Pathologies that can be potentially treated with hadrontherapy
Intracranial solitary fibrous tumours/Hemangiopericytomas
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Solitary fibrous tumours/Hemangiopericytomas are rare perivascular mesenchymal malignancies that develop at the level of soft tissues and blood vessels.
This neoplasm, belonging to the group of differentiated vascular sarcomas, can arise anywhere in the body where there are capillaries, in particular:
- Pelvic area
In the field of vascular structure tumours, hemangiopericytomas are among the most aggressive soft tissue sarcomas.
Causes of intracranial solitary fibrous tumours/hemangiopericytomas
The causes as well as the risk factors for this type of tumour of the meninges are still unknown.
However, a valid hypothesis affirms that hemangiopericytomas originate derives from the uncontrolled proliferation of pericytes.
In addition, it has been found that vascular tumours develop more frequently in subjects who have previously undergone radiation therapies, for example, to treat previous tumour forms.
Symptoms of intracranial solitary fibrous tumours/hemangiopericytomas
Symptoms are usually generic, just like for other sarcomas. As a consequence, this type of neoplasm is usually diagnosed late.
Some of the symptoms of hemangiopericytomas are:
- Persistent headaches
- Nausea and vomiting
- Personality changes
- Visual field limitations
- Worsening eyesight
- Loss of strength and sensitivity
- Slowing of motor functions
- Language difficulties
- Loss of smell or taste
- Problem swallowing
In some cases, hemangiopericytomas may arise as a painless lump.
Diagnosis of intracranial solitary fibrous tumours/hemangiopericytomas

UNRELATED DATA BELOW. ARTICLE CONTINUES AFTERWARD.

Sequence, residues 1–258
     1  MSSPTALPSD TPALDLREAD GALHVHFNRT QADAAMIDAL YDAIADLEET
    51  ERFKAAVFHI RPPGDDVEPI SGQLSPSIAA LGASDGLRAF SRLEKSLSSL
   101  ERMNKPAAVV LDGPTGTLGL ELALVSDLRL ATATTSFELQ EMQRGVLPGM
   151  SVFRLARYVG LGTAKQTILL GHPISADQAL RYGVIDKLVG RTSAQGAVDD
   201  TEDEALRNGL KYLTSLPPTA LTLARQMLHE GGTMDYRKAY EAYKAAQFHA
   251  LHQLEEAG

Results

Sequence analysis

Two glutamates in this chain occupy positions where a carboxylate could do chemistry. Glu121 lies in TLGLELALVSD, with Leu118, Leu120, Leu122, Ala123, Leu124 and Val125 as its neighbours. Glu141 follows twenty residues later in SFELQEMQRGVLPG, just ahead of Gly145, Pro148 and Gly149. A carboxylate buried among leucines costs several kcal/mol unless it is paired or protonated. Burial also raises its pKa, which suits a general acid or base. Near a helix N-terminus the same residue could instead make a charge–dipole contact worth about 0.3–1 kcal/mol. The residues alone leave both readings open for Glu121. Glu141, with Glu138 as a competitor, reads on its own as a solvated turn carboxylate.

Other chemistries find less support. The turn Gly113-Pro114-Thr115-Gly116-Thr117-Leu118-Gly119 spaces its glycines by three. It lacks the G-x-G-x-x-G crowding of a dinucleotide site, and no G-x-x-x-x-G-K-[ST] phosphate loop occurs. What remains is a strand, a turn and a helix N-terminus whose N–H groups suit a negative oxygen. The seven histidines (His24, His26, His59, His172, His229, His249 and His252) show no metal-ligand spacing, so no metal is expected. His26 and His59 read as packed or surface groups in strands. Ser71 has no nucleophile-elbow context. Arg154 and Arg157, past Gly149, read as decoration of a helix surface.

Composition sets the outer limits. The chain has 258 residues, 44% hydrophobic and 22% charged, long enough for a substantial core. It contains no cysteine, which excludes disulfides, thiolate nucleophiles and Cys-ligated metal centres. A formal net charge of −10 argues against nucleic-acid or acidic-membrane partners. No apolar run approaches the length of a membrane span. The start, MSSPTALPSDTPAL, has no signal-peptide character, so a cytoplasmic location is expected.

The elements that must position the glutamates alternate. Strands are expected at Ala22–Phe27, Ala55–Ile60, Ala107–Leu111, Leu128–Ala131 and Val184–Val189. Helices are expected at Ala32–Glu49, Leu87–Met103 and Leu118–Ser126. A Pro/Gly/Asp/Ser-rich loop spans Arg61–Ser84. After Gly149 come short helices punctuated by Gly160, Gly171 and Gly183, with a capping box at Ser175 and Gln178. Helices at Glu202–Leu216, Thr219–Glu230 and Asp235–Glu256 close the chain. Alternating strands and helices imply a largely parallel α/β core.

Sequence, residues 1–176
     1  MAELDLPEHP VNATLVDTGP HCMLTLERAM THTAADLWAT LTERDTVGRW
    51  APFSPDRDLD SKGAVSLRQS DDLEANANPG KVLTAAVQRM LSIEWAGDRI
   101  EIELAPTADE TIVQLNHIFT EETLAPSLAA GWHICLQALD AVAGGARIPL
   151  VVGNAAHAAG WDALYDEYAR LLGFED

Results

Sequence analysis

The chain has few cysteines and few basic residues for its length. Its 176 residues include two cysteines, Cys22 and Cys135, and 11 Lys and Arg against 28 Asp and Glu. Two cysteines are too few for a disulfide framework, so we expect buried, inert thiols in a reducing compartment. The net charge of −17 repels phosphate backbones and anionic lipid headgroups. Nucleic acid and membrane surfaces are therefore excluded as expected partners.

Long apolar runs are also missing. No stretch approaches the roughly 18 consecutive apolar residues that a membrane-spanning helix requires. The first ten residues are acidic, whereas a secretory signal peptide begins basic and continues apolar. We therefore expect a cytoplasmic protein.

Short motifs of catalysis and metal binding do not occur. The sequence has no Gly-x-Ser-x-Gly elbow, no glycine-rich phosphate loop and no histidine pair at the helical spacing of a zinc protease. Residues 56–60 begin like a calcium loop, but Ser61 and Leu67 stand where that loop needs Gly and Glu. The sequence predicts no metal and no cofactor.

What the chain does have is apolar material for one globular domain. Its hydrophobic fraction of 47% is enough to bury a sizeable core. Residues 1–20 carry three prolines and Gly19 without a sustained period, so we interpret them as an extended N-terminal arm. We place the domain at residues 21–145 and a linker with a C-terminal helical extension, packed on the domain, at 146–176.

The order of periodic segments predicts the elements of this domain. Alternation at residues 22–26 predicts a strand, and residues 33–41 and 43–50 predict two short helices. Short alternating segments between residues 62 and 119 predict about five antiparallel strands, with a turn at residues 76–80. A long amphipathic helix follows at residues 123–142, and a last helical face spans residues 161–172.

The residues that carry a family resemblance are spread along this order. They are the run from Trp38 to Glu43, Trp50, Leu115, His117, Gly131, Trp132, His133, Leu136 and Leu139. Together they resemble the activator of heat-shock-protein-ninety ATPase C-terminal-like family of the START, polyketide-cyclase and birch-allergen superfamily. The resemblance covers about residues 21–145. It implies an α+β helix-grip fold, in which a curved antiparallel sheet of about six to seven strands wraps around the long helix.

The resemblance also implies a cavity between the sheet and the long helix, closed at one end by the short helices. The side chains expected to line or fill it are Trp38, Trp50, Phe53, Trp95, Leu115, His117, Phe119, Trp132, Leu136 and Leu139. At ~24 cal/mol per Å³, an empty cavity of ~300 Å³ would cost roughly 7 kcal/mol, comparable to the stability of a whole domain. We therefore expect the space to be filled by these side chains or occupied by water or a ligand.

In case of suspected intracranial solitary fibrous tumours/hemangiopericytomas, a neurological examination is required so that the specialist can determine a correct patient's medical history.
Subsequently, diagnostic imaging techniques must be used:
- Computed tomography (CT)
- Nuclear magnetic resonance (NMR)
- Cerebral angiography (MR-Angiography)
For an accurate diagnosis, a histological analysis that includes immunohistochemical and electron microscopy methods is required for a differential diagnosis to determine angiomatous meningiomas from any other mesenchymal neoplasms of the meninges.
Given the aggressive nature of this tumour of the meninges, analysing other areas of the body that may be subject to metastases, such as lungs and bones, should be also appropriate.
Treatment of intracranial solitary fibrous tumours/hemangiopericytomas
The treatment to be used is assessed based on the location and size of the tumour mass, and the patient's medical condition. Surgical resection is usually the treatment of choice, combined with post-operative radiotherapy in order to reduce the risk of local recurrence.
In cases of highly invasive tumours, incomplete resections or inoperable patients,a treatment with adjuvant radiotherapy is required.